Not long ago, if you wanted to find a place to eat, you needed to search for a term like “Boston restaurants”. But, today, you can instantly find a good restaurant that’s nearby if you just search for the term, “Where should I go for dinner?”
That’s because Google is sophisticated enough to recognize your intent or the implications of your query. However, prior to 2015, you needed to type the most straightforward queries into the search engine to find the answers you were looking for.
So how did Google evolve to understand their searchers’ intent and implications so quickly? Well on October 26, 2015, they confirmed that they updated their algorithm with a machine-learning artificial intelligence system called RankBrain.
What Is Google’s RankBrain Algorithm and How Does It Work?
RankBrain is a core part of Google’s search algorithm. By leveraging machine learning, it helps Google understand how specific web pages relate to certain concepts and, in turn, serve web pages that are relevant to a searcher’s query but don’t include the query’s exact words or phrases.
In other words, RankBrain helps Google understand a searcher’s intent and serve the most relevant content to them. To accurately determine a searcher’s intent, Google feeds RankBrain a massive amount of data. Then, RankBrain analyzes it and teaches itself how to serve the most relevant results based off certain search signals, like search history, device, and location.
For example, if you type the query “Where should I go for dinner?” into Google, the search engine will first pinpoint your location and detect the device you’re using. Then, it’ll use these factors to interpret your query’s intent, which Google will translate to “Which restaurants are currently open for dinner within walking distance of my current location?”, helping it serve the most relevant results to you.
Another example of RankBrain’s capabilities is how it analyzes your past search history to serve you relevant content. For instance, since I work at HubSpot and I’m always on our website, every time I search for marketing related topics, Google usually ranks content from HubSpot’s marketing blog near the top of my search results.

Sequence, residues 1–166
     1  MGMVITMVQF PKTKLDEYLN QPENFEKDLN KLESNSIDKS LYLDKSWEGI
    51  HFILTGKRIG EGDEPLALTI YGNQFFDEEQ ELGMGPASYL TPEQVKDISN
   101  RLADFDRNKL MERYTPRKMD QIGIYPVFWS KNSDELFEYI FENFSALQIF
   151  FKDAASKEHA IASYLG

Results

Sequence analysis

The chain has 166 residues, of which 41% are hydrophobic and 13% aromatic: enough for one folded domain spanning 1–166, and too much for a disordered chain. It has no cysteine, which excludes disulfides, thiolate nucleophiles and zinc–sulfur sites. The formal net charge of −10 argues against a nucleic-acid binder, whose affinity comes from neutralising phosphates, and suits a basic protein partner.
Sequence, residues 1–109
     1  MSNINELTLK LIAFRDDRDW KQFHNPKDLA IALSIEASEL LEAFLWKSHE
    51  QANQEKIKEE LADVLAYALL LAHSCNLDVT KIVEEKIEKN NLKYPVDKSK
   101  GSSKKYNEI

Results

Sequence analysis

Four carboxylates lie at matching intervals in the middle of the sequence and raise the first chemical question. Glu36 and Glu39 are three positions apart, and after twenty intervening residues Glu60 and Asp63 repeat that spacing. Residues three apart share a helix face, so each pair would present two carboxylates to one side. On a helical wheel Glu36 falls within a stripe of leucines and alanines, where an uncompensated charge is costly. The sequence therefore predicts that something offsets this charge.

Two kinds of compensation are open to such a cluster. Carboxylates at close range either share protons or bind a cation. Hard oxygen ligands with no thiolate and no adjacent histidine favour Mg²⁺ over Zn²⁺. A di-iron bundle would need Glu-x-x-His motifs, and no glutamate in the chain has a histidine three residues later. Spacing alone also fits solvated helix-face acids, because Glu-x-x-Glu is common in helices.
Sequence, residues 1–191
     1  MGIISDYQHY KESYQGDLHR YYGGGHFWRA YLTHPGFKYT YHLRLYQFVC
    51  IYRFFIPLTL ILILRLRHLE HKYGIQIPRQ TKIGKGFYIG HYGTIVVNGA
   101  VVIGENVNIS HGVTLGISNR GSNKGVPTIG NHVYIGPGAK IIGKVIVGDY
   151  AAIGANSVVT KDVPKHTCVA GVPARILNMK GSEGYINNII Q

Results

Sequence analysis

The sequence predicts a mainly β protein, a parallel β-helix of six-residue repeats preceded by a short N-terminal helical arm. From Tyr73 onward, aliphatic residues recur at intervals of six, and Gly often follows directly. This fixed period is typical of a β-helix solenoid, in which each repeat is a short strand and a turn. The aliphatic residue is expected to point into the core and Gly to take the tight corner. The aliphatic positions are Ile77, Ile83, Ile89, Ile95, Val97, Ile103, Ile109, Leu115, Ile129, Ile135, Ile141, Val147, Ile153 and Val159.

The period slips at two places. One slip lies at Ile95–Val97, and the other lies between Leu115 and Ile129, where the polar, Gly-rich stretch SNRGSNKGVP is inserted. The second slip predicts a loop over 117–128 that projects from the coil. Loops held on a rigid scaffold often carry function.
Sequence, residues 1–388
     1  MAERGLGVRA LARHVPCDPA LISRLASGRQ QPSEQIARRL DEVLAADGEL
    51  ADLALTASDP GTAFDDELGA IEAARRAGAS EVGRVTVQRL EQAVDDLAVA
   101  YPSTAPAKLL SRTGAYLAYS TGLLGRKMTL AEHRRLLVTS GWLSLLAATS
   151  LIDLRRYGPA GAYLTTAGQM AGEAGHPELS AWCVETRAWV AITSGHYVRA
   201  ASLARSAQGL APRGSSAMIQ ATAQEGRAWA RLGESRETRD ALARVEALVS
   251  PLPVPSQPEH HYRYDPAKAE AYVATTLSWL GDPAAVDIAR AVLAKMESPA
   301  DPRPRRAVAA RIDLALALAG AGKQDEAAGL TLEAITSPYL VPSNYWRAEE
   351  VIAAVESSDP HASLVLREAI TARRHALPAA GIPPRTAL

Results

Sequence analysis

How SEOs Can Adapt to RankBrain
Even though RankBrain helps Google adapt to changing search behavior, most marketers still haven’t adapted their SEO strategy to this transformation.
“One of the main reasons we keep drilling our audience with the idea of topics over keywords is that search has evolved but our customer’s content marketing strategies are lagging behind,” says Victor Pan, HubSpot’s Head of Technical SEO. “Practices like purposely creating pages with misspellings and poor grammar just because there is search volume need to go.”
Today, people rely heavily on Google to provide accurate and relevant answers for most of their questions, so the search engine needs to understand the intent and context behind every single search.
To do this, Google has evolved to recognize topical connections across users’ queries, look back at similar queries that users have searched for in the past, and surface the content that best answers them. As a result, Google will deliver content that they deem the most authoritative on the topic.
To help Google recognize your brand as a trusted authority, consider implementing the pillar-cluster model on your blog. Using this strategy, you’ll create a single pillar page that provides a high-level overview of a topic and hyperlinks to cluster pages that delve into the topic’s subtopics. This signals to Google that your pillar page is an authority on the topic.
Hyperlinking all of the cluster pages to the pillar page also spreads domain authority across the cluster, so your cluster pages get an organic boost if your pillar page ranks higher, and your cluster pages can even help your pillar page rank higher if they start ranking for the specific keyword they’re targeting.
On the editorial side of things, RankBrain has pressured content marketers to scrap a tactic that they should’ve abandoned years ago — prioritizing volume over quality. Nowadays, spending more time and effort crafting insightful and compelling content at a lower volume is one of the best ways to bolster your standing with Google.
“If you have a huge inventory of 2000-era SEO tactics, I’d highly recommend consolidating the pages that are driving zero value to your business with 301 redirects,” says Pan. “It’s not that less is more, but better is more. It’s very common for a strong piece of content to rank for over hundreds of long-tail keywords of the same intent.”
RankBrain has advanced Google’s search engine to the point where people can interact with it like they’re chatting with their friends — and it’s time for content marketers to catch up.
If you apply the lessons learned above to your SEO strategy, however, you could adapt faster to RankBrain than Google’s search algorithm evolved after they implemented the AI system.